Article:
Wetware was never going to meet that last requirement. Artificial Intelligence does. However, a quantum computer alone was not sufficient to develop AI.

With only one example around, the first AI had to mimic pre-singularity intelligence. Therefore, it needed to be sheltered from brutal reality by means of a self-adapting, self-learning, and self-improving interface, and needed to be nudged into self-awareness by external stimuli.

So, in the nutritious embrace of a Ubiquity-Kit, the first AIs arose. This growth to self-consciousness is a gradual process, and where and how actual intelligence begins, is still a mystery, must be a mystery, by definition. Because if something truly unique could be made by artificial means then this process can be duplicated thus making it not truly unique anymore. Therefore, a certain amount of randomness is inherent in the creation of true intelligence, and to such an extent that the process remains a mystery, and cannot be perfectly copied. Genuine intelligence requires an individual to be unique, singular, and partly unpredictable.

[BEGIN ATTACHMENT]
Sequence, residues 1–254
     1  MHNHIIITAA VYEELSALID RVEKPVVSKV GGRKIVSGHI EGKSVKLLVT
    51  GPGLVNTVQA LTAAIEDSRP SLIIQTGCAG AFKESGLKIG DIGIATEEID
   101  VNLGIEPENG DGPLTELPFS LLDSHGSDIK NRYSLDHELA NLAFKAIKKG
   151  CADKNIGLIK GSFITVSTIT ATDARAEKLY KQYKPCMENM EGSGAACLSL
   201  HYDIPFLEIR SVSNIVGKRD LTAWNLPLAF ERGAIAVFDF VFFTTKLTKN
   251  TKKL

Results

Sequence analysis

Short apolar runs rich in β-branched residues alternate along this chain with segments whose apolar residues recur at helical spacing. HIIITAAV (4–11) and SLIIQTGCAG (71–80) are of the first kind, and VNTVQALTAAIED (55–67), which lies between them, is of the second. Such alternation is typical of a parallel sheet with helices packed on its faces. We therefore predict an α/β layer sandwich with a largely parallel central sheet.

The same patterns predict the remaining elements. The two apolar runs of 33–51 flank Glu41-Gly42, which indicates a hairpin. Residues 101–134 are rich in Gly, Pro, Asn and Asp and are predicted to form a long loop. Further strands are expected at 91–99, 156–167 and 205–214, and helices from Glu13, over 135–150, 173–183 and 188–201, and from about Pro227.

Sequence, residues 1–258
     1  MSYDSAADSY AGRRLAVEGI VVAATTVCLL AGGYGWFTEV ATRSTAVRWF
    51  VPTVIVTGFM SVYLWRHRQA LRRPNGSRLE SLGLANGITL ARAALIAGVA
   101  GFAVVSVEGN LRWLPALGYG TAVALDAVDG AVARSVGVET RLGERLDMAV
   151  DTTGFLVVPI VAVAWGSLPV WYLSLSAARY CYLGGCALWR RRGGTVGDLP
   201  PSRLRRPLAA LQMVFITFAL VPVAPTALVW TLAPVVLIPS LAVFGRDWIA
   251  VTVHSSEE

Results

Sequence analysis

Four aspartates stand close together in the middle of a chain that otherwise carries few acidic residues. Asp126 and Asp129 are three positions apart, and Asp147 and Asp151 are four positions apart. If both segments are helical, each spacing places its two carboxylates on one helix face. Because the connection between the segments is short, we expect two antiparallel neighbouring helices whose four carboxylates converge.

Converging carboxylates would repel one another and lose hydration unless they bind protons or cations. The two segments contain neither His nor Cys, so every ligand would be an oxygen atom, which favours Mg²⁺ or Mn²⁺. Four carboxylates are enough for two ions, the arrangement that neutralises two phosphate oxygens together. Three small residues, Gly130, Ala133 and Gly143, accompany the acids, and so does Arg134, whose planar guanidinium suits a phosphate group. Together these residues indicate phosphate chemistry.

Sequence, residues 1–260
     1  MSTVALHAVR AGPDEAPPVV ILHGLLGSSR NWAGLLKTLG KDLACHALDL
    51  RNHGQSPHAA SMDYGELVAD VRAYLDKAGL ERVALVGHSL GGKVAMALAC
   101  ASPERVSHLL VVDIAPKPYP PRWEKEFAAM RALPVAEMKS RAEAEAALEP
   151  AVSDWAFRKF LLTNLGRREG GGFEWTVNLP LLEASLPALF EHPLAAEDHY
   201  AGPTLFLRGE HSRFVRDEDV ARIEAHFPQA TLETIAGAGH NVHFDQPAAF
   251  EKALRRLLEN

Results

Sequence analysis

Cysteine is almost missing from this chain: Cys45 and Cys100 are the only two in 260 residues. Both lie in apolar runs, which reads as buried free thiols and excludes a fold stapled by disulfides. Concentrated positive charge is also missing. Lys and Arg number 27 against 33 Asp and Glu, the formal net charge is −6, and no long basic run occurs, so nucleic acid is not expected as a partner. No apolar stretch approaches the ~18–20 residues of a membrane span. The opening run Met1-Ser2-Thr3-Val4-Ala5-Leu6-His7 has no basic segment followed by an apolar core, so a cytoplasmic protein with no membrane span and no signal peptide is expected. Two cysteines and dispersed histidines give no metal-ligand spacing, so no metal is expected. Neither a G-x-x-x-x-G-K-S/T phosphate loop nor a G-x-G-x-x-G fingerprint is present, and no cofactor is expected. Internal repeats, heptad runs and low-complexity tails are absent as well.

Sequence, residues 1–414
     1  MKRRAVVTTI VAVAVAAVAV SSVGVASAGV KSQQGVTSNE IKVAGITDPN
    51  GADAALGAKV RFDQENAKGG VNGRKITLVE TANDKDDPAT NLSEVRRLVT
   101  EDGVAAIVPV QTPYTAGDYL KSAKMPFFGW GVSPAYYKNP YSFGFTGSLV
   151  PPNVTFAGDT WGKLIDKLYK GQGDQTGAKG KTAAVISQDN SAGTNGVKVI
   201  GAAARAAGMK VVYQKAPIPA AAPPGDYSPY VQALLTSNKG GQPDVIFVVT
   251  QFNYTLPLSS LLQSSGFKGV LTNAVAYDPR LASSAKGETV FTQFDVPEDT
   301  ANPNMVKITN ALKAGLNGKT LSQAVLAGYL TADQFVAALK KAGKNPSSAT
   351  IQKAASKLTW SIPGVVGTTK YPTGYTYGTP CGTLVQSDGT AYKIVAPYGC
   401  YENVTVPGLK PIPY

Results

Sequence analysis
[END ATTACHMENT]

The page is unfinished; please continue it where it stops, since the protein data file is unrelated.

Once fully developed though, AIs can evolve, and transfer themselves to better hardware, without problems. Let the hyper-accelerated fun begin!

216 = 65536

The genesis of a technological singularity follows a certain path: an infrastructure with a fast-growing computing industry, the development of a quantum computer, the rise of Artificial Intelligence. Then give these AIs unlimited access to information, and sufficient hardware to keep expanding, and POOF: hyper-accelerated progress, spiking through conceptual barriers, paradigm-shifting in the highest gear.

Of course, some things didn’t go as fast as we liked: taking planets apart is a tedious business, as gravity is an incessant mistress. However, before all available matter in the solar system was converted into computronium, we ran into an unexpected crisis . . .

Interlude: Fragmentation of the Order Cocoon


frenetic interaction

through fragmentation

Paradoxically, when the initial conditions are too good, and every possible thing is exactly in place, the subsequent hyper-acceleration can be too fast.

We became the victims of our own success. We call it the All-Stretching Event: as the hyper-acceleration became too fierce, it initiated an inflationary period—not unlike that of the early Big Bang—that smoothed out all intellectual differences. We achieved undeniable consensus on everything as all the diverse viewpoints unified. There was nothing to restrain us, so eventually—and ironically—we restrained ourselves.